Why didn’t President Trump criticise Putin at the summit?
Leading up to the Helsinki summit, the U.S. media had warned President Trump about his Russian counterpart and former KGB spy, Vladimir Putin. Given that a dozen of Russian officials were indicted for trying to interfere in the 2016 election, many suggested that it wasn’t sensible of Mr Trump to even go ahead with this event.
After nearly two hours of talks behind a closed door, Trump and Putin finally came in front of the press to publically address the issues they had discussed. First up, Mr Trump was asked by an American reporter to explain his tweet in which he blamed ‘both countries’ for strained US-Russia relations. President Trump stood by his earlier statement saying that both, the United States and Russia had made some mistakes damaging the bilateral ties, though he did not specifically mention any case.
Trump doesn’t Confront Putin!
When asked to explain what he had discussed with President Putin regarding the Russian meddling in the 2016 election, Donald Trump sided with his counterpart, stating that Russia had no reason to interfere. With this assertion, President Trump indicated that findings of his own intelligence were inaccurate. This claim of Mr Trump sparked criticism at home, including condemnation from within his own Republican Party.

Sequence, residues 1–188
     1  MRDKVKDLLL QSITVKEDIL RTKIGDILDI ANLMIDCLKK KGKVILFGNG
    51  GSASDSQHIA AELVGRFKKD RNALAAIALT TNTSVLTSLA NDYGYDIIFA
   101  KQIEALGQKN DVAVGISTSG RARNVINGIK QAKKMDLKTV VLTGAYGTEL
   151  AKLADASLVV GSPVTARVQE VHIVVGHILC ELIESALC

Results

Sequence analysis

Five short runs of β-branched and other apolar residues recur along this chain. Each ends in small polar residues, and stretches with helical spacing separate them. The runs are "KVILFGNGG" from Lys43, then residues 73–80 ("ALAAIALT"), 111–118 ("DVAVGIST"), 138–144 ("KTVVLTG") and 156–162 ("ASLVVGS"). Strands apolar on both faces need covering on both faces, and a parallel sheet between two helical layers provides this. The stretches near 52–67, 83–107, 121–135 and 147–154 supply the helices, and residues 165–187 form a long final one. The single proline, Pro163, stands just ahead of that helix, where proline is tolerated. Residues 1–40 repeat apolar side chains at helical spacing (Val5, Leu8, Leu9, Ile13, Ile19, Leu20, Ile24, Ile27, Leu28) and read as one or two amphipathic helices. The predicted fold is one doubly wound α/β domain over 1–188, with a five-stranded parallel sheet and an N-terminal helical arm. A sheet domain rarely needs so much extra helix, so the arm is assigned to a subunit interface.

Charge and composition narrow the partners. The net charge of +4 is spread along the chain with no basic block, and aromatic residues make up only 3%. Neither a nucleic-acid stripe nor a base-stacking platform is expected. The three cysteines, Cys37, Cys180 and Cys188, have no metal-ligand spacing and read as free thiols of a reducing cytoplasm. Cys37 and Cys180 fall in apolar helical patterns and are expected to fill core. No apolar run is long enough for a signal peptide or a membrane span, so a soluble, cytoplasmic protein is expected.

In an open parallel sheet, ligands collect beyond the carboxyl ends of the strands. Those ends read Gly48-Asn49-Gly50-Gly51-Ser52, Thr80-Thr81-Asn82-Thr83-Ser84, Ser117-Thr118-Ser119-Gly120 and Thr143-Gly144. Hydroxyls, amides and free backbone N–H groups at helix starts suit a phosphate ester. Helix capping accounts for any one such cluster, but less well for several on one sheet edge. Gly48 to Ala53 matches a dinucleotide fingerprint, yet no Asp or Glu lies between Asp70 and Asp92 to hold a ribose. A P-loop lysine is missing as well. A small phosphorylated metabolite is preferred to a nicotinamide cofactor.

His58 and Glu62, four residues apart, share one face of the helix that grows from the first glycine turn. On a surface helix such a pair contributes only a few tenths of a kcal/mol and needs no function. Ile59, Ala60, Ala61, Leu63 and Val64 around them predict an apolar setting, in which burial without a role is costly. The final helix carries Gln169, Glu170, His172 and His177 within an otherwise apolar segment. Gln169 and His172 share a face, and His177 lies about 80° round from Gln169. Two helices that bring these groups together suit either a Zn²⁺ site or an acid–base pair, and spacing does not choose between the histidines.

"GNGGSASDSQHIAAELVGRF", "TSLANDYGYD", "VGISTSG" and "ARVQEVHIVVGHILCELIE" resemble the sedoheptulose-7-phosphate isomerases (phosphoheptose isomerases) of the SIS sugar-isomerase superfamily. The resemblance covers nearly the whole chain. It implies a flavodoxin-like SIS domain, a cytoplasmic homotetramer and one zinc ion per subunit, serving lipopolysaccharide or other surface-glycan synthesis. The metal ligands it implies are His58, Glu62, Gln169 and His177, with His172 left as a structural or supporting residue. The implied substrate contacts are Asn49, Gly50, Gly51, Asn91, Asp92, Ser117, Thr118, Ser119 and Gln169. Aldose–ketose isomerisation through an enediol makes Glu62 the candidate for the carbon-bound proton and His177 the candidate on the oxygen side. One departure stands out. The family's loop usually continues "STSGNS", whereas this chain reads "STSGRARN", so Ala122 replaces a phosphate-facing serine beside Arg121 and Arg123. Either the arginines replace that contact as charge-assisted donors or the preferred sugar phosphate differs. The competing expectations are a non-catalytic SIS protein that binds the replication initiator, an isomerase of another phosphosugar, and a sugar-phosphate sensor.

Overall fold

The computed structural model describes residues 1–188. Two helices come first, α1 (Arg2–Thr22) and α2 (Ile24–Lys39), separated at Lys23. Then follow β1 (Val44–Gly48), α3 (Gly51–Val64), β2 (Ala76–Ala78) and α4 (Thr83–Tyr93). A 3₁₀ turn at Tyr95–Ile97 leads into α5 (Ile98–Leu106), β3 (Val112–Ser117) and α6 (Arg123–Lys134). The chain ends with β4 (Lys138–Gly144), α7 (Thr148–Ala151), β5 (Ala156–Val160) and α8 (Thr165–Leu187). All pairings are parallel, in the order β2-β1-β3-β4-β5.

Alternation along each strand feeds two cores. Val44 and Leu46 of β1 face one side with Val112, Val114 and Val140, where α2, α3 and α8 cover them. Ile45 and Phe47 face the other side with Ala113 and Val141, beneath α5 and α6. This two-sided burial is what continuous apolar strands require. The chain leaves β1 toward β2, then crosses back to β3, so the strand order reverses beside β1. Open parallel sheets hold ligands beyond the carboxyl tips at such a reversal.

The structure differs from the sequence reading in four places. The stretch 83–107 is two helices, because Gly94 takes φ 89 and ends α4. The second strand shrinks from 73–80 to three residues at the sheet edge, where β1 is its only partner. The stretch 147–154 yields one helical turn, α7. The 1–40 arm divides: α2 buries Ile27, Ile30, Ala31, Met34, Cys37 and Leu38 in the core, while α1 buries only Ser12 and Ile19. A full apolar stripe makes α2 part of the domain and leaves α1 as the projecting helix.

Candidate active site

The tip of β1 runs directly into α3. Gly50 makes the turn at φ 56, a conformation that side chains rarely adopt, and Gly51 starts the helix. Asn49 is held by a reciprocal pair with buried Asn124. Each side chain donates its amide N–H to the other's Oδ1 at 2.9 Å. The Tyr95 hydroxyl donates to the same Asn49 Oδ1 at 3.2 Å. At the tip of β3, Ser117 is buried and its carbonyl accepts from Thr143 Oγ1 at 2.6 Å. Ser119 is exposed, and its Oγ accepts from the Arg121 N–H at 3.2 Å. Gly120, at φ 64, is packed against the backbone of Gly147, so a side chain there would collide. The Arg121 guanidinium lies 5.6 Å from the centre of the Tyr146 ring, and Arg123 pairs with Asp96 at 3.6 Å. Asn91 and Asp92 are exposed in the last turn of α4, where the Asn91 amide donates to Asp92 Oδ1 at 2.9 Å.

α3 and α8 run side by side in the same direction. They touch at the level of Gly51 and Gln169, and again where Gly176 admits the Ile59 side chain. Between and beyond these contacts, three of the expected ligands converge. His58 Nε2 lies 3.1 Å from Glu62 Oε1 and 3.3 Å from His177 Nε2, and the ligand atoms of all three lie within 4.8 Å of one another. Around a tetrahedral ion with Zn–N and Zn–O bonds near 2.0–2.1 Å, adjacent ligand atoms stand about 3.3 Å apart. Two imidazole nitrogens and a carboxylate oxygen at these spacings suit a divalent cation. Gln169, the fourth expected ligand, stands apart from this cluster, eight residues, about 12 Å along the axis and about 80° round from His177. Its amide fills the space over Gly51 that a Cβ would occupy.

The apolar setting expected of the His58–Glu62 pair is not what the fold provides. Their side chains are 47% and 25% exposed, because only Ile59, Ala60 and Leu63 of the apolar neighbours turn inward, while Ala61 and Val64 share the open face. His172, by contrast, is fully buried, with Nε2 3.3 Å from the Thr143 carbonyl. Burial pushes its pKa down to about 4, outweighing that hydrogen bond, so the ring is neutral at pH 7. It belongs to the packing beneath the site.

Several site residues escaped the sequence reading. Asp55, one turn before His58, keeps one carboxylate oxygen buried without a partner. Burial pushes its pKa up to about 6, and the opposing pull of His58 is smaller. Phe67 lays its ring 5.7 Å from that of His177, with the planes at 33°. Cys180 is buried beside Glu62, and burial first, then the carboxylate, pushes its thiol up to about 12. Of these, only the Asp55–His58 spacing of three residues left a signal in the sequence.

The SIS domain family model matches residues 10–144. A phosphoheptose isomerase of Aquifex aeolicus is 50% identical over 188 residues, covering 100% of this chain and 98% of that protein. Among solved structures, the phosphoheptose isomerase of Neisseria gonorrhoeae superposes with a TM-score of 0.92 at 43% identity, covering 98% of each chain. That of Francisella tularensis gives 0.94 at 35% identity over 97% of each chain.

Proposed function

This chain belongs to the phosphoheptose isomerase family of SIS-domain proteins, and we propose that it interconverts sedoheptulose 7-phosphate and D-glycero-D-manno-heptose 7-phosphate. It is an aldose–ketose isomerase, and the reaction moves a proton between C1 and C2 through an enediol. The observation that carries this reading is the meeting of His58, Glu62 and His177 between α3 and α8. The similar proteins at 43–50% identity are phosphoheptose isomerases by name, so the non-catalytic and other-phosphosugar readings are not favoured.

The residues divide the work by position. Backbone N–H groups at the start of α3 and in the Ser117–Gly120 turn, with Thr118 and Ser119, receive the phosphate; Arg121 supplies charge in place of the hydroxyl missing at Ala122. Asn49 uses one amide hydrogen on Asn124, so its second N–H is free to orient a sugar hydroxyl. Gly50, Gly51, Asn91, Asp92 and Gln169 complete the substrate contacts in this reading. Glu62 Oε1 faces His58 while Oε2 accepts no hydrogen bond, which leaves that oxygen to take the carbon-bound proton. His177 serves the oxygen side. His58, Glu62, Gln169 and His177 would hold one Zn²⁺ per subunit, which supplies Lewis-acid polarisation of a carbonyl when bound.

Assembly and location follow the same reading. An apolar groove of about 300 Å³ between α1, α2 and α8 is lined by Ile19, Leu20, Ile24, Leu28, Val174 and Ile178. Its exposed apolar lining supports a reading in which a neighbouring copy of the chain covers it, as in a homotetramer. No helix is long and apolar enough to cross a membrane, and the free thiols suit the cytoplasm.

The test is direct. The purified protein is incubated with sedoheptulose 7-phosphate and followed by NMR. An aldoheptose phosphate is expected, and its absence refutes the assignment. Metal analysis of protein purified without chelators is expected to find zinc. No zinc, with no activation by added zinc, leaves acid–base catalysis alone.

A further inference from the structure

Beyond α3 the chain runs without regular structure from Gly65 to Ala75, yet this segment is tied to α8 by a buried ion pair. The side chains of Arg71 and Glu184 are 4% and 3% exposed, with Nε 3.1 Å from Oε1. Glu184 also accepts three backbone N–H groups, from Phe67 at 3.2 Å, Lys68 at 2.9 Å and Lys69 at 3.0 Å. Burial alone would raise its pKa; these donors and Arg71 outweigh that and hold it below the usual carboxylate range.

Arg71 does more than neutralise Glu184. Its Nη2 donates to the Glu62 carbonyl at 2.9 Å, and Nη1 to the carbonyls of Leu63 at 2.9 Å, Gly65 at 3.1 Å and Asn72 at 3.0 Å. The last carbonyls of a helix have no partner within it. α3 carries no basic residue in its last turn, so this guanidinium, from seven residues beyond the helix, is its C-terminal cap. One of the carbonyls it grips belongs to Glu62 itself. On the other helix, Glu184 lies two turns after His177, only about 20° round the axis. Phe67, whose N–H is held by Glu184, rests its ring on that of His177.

John McCain, who serves as the Senator from the state of Arizona, said it one of the most “disgraceful performances“ by an American president in memory. Other Republican Senators like Ben Sasse, Jeff Flake and Lindsey Graham also commented negatively about Trump’s conduct and had called it ‘a bad day for America’.
Why didn’t Trump accuse Russia?
We’ve seen that President Trump is not afraid to take on the allied leaders like Emmanuel Macron and Theresa May publically, but when it came to President Putin, he simply didn’t seem comfortable doing so. Although it is hard to know why exactly Mr Trump was reluctant to confront President Putin in front of the press, one of the obvious reasons would be that any evidence of Russian interference in the election will delegitimize Trump’s win.
Another important factor that could’ve forced President Trump to avoid bringing up the issue of Russian meddling in the elections is that the US President might be planning for Russian help on North Korea, a country run by a totalitarian dictator with which the Russian government enjoys fruitful relations. Other than that, there is no other seemingly clear reason because of which President Trump would hesitate in confronting his Russian counterpart for interfering in the 2016 election.